The Year In Review

#Top 100 song 2010, part II: from 20 to 1

The Year In Review #Top 100 song 2010, part II: from 20 to 1The final countdown. Which are the most played songs of this year? Everyone has their list. This is ours.

20. Crystal Castles feat. Robert Smith: “Not In Love” Apart from the ability to write extraterrestrial melodies, Crystal Castles have proven to have great taste when it comes to doing cover versions. It’s quite a job to dig between the kilos of hairspray, the horrible names (Platinum Blonde) and other eighties debris to rescue a melody which, with the voice of Robert Smith, acquires a new dimension. Because if you add the unmistakable heartbroken tone of the prince of darkness to that version, charged with dystopic synthesisers and helium voices, the result can only be what it is: an instant retro-futurist pop classic that freezes the soul and in equal measure sets the heart on fire. Franc Sayol

19. Four Tet: “Love Cry” On “Love Cry”, the first single off “There Is Love In You”, Four Tet crossed the rhythmic pulse of Krautrock with the sensuality of deep-house, with astonishing results. A drum oozing humanity, a vocal sample and a bass without appendages was all the prodigious Kieran Hebden needed to offer us his particular interpretation of house. A few elements that, seasoned with various effects, stretch and twist in nine minutes that seem way shorter. So good I could cry. FS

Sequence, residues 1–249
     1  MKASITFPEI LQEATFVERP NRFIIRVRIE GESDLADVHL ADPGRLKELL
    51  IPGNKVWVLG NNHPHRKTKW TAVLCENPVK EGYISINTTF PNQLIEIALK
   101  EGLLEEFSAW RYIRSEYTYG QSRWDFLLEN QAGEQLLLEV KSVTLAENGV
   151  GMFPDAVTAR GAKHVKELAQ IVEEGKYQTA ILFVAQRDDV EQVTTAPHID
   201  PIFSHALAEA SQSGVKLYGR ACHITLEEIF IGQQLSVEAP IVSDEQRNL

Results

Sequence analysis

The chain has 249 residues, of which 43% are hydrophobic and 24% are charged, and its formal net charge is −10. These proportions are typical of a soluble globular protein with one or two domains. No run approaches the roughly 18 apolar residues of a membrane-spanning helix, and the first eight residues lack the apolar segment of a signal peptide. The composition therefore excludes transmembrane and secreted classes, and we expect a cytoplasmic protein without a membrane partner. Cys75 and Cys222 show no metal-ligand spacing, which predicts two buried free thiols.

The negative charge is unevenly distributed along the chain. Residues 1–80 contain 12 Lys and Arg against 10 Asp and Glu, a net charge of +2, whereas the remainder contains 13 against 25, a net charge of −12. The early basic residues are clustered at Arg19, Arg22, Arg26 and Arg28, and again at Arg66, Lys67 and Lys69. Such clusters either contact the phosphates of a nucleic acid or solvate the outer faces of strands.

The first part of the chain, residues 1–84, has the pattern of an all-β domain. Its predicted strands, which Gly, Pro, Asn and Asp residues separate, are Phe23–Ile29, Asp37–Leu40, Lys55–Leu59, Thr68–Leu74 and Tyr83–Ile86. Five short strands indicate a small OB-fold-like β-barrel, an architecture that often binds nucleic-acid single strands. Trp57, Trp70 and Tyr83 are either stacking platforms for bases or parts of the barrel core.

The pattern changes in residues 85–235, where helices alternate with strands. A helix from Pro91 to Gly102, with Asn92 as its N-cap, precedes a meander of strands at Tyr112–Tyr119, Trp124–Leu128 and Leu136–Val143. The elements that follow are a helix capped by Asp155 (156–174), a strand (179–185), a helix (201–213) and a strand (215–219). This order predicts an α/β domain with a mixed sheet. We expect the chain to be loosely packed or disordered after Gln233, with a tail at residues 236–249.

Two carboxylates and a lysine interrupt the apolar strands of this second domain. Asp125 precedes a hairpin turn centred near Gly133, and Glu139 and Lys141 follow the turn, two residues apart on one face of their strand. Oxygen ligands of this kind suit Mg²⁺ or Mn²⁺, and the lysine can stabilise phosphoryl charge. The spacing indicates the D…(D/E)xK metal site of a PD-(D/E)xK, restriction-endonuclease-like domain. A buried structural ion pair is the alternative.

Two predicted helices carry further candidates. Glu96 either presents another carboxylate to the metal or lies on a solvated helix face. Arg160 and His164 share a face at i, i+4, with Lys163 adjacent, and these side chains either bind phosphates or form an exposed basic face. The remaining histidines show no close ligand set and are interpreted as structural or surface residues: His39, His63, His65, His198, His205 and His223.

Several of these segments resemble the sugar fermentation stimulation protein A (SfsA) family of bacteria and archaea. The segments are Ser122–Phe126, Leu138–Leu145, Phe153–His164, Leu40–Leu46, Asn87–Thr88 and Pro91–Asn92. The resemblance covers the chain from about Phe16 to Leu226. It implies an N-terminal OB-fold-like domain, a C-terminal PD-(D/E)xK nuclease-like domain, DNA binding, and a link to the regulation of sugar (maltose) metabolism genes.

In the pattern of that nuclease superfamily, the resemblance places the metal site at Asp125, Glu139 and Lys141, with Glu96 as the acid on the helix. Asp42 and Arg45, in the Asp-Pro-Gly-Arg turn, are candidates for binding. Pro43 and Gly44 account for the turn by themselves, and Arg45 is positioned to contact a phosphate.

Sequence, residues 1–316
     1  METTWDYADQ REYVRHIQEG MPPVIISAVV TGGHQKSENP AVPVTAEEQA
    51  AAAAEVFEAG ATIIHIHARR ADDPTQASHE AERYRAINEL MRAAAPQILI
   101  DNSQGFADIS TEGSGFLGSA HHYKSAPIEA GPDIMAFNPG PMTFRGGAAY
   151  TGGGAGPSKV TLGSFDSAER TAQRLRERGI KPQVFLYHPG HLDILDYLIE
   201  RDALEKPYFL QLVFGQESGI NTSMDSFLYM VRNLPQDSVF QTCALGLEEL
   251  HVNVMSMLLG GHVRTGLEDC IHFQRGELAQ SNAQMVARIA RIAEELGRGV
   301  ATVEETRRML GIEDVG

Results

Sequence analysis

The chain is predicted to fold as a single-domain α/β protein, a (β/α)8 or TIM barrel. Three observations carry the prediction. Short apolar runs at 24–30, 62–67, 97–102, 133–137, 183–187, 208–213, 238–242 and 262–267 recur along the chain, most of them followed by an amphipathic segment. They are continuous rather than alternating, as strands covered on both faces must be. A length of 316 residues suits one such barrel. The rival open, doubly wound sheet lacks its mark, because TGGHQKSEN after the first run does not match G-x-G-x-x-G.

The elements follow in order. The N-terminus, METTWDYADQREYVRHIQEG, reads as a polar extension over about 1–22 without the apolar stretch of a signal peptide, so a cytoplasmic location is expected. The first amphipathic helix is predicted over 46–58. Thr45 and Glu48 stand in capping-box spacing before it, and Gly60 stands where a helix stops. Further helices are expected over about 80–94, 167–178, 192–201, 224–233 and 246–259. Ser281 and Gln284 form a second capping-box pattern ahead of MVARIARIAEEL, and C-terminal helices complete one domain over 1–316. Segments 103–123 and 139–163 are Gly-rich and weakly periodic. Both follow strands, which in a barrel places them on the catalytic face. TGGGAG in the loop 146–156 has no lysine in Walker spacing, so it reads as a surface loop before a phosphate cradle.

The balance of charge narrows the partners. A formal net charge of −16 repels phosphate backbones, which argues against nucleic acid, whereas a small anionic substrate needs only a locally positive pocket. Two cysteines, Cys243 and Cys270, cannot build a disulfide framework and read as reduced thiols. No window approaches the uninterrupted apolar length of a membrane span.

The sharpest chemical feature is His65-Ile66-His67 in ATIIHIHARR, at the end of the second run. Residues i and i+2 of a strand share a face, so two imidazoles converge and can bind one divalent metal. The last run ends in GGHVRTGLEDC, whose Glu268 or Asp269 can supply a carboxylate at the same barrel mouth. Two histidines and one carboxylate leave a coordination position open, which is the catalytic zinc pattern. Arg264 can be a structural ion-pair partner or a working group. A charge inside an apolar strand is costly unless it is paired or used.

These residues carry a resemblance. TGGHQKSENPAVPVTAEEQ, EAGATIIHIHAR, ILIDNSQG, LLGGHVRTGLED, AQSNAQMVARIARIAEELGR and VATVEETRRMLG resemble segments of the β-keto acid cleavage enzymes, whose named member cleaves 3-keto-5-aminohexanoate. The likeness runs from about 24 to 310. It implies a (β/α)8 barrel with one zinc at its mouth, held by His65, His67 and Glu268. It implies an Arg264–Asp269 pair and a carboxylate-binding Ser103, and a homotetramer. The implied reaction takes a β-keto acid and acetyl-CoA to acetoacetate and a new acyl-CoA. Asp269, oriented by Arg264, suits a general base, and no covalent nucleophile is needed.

18. Ariel Pink: “Round And Round” In the middle of the hypnagogic explosion, Ariel Pink decided to take a step forward and recorded a record outside of his bedroom. The result was “Before Today”, an album that showed us a more accessible Ariel Pink without mutating his personality. The man is as eccentric and addictive as always on “Round And Round”, a catchy soft-pop song built around a circular bass line and those typical vocal inflections that take us back to the golden age of AM radio. FS

17. Wild Nothing: “Chinatown” British indie-pop from the eighties is where Wild Nothing’s music takes us back to, inseparable from the introverted feeling of bands from labels like 4AD, Postcard or Sarah Records. Jack Tatum was born when that age was in its dying seconds, but that hasn’t stopped the young Virginian from capturing the essence of that feeling on the album “Gemini”. “Chinatown” is the album’s standard, a song which, through its ethereal guitars and a melody that makes its way through the fog, takes us to one of those moments of sad ecstasy in which, despite the mist, one feels consoled for a few moments. FS

16. B.O.B.: “Airplanes” Of all the “featurings” pop-rap could offer, this one is definitely the weirdest. B.o.B.teams up with Hayley Williams, pseudo Suicide Girl and vocalist of Paramore, formerly the biggest band of the most commercial emo-punk-rock. And the thing is: it works, precisely because of that contrast between the flow of the first and the vocal quality of the latter. Sometimes mixing sweet and salted turns appetisers in creative cuisine. Mónica Franco